Dennis Riordan, one of the California’s best known defense attorneys, has been retained to represent Nan-Hui Jo, the Korean immigrant convicted last month of abducting her American-born daughter Hwi, now 6.
Riordan, whose clients have included Barry Bonds, O.J. Simpson and Lodi terrorism suspect Hamid Hayat, was described in a 2006 Sacramento Bee article as “one of the nation’s best known lawyers of last resort.” Considered one of the nation’s premier appellate lawyers, the San Francisco-based attorney has argued cases before the U.S. Supreme Court and the California Supreme Court.
Riordan’s appointment could result in a motion for a new trial for Jo, who was convicted by a Yolo County jury on March 3 after her first trial in December 2014 ended in a hung jury. Jo, 43, is facing possible deportation. The U.S. Immigration and Customs Enforcement Service had put an immigration hold on Jo, whose permission to stay in the United States as a student expired long ago.
The high-profile child abduction case pitting the single mom against her ex-lover and Hwi’s father, Iraqi war veteran Jesse Charlton of West Sacramento, has generated international interest. Riordan has been retained by women’s rights groups supporting Jo, who has spent 180 days in jail without seeing her daughter.
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Hwi now lives with Charlton, a substitute teacher. The #StandWithNanHui Campaign now has well over 8,000 supporters from Northern California to Los Angeles, New York, Boston and Seoul, said activist Hyejin Shim.
“The big question right now is when is she going to see her child,” Shim said.
Jo, who met Charlton when both were photography students at Sacramento City College, testified she took Hwi to Seoul, Korea, in 2009 after Charlton refused to marry her and she was afraid of being deported. She was arrested for child abduction when she visited Hawaii with Hwi in July 2014.
At Jo’s sentencing hearing Wednesday before Yolo Superior Court Judge David Rosenberg, Jo asked that Riordan be substituted for her public defender, Dean Johansson, who represented her at both trials.
Riordan’s associate, Matthew Dirkes, stood in for Riordan, who was traveling for work.
“We’re still going deeper into the issues of the case, but what attracted us to this is we’re aware that a 5-year-old girl who had only lived with her mother was almost literally taken out of her mother’s arms and given to a man that she didn’t know, and that her mother has been kept in jail away from her daughter, and we want to help provide the necessary advocacy given the situation,” Dirkes said. “There are potentially issues that might warrant a new trial motion.”
Rosenberg reset Jo’s sentencing hearing for 1:30 p.m. Tuesday, April 28.
The case was continued over the strenuous objections of Yolo County Assistant Chief Deputy District Attorney Steve Mount, who told the court that “the prosecution is proposing a sentence that would allow for Ms. Jo to be released today. ... It’s hard to imagine how the defense wants the defendant to stay in detention any longer.”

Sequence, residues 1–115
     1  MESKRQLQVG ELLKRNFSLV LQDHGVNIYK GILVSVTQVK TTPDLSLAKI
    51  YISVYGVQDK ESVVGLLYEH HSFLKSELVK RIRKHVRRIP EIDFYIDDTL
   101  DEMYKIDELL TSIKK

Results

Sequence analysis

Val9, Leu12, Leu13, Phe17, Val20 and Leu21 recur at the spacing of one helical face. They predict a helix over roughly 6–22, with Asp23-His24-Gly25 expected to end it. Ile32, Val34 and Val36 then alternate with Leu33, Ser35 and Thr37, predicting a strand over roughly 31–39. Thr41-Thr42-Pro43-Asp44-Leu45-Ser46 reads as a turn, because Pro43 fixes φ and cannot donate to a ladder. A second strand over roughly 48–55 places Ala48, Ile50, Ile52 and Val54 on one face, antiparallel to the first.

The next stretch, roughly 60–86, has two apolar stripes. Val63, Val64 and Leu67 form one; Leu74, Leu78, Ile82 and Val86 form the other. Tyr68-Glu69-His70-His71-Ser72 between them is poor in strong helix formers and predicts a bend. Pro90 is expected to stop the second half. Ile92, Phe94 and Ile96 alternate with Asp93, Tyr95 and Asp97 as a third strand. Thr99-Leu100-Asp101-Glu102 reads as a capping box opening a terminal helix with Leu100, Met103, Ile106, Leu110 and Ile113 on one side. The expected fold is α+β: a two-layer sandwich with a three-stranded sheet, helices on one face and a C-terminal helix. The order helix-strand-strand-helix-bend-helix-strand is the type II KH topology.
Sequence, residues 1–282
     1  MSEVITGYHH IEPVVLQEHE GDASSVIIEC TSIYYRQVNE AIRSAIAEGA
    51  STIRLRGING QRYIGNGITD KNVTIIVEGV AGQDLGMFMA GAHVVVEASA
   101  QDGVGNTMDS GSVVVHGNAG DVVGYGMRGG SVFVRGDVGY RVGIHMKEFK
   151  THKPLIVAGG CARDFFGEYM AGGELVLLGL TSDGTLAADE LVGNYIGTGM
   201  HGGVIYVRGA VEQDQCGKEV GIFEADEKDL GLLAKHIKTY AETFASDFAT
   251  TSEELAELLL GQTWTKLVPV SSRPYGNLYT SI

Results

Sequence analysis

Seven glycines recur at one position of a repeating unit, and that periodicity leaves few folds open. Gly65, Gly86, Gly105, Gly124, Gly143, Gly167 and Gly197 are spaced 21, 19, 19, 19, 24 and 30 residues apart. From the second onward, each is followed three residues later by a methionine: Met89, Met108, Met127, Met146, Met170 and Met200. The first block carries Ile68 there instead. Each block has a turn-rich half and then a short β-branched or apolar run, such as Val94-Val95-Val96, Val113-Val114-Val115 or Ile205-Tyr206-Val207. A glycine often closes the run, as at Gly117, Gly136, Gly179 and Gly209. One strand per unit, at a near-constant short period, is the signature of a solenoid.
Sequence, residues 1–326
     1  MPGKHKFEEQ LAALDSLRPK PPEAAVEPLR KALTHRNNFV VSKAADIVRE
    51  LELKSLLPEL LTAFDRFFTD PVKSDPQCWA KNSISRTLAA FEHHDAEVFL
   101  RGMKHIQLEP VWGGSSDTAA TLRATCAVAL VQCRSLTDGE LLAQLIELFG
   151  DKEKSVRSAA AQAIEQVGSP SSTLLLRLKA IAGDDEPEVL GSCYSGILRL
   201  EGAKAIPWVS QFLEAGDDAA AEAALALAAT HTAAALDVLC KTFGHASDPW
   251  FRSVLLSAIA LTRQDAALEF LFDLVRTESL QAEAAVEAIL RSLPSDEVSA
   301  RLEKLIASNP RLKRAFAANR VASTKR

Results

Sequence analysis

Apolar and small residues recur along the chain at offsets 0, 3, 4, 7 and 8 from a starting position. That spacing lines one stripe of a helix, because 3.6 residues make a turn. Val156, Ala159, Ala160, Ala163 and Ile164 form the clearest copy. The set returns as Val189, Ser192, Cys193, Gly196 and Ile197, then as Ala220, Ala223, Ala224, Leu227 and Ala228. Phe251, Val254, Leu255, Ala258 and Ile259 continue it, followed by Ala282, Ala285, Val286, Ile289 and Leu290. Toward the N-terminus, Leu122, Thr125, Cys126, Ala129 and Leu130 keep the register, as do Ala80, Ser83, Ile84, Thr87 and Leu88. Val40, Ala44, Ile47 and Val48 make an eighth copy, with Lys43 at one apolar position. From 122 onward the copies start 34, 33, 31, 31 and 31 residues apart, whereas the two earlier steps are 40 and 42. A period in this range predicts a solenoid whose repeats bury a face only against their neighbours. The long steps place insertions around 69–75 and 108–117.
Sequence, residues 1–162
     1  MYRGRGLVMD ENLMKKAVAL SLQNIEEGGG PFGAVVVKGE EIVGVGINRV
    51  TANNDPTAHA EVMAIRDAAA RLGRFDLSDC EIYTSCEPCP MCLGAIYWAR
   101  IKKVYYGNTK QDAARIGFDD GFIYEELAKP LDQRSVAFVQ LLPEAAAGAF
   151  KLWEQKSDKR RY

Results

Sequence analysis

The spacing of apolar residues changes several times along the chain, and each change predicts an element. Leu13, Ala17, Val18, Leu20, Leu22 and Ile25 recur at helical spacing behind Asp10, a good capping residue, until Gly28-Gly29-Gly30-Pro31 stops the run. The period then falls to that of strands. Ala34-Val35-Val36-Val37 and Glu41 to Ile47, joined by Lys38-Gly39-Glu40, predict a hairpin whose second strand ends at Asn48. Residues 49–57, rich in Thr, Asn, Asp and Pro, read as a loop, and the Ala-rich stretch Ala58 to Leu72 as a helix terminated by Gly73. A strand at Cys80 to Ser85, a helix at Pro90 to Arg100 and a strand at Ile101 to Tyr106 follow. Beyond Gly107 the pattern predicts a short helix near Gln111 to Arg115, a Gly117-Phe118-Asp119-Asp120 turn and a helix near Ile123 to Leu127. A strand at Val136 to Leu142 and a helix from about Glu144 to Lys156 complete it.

Outside court, Mount explained he was asking for the upper sentencing limit of three years, with credit for 16 months time served and the remaining time under mandatory supervision. If granted by Judge Rosenberg, Jo “would not have to spend one more minute in custody” he said.
Shim said that Jo’s supporters have made arrangements for her to live in the Sacramento area to be closer to her daughter once she’s released from jail. But a Sacramento Family Law judge has refused to let her see her daughter until her criminal case is resolved, said John Myers, a McGeorge School of Law professor on Jo’s legal team. He said he has gotten Jo permission to write letters to her daughter.
But Charlton, Hwi’s father, said the letters must clear her court-ordered counselor.
The wild card in Jo’s future is what ICE is going to do once Jo’s criminal case is resolved, said her immigration attorney, Juliet Turner-Lloveras. “If she gets released from jail, it’s possible ICE could just detain her and put her back in jail while her immigration case is pending and she won’t be able to see her daughter,” Turner-Lloveras said, “But ICE has the option to not detain her and allow her to address her family law case and get a chance to see her daughter. What we don’t know is if ICE will pick her up once she’s released from criminal custody or not.”
There are several scenarios that might keep Jo in the U.S. and give her a chance to see Hwi, Turner-Lloveras told The Bee last month. The first involves domestic violence in an earlier marriage to a U.S. citizen she met while studying film at the University of Southern California. Jo left him when he became jealous and physically abusive, said Mark Choi, another Sacramento attorney assisting Jo.
“He punched her, she had a bruised rib, he was arrested and convicted and got a one-year sentence,” Choi said.
Jo has a visa application pending for immigrant victims of crime who cooperate with law enforcement which, if granted, could allow her to stay in the U.S., get a job and in three years apply for a green card, Turner-Lloveras said.
Jo might also be allowed to stay as the parent of a U.S.-born minor child if she goes to Sacramento Family Law Court and the judge considers her petition for joint custody and/or visitation after her criminal case is resolved, Turner-Lloveras said.
Charlton, who came to court Wednesday prepared to read a statement at Jo’s sentencing, said he found Jo’s request for a new attorney confusing.
“It doesn’t make sense to me, but I’m not her,” he said.
Call The Bee’s Stephen Magagnini, (916) 321-1072.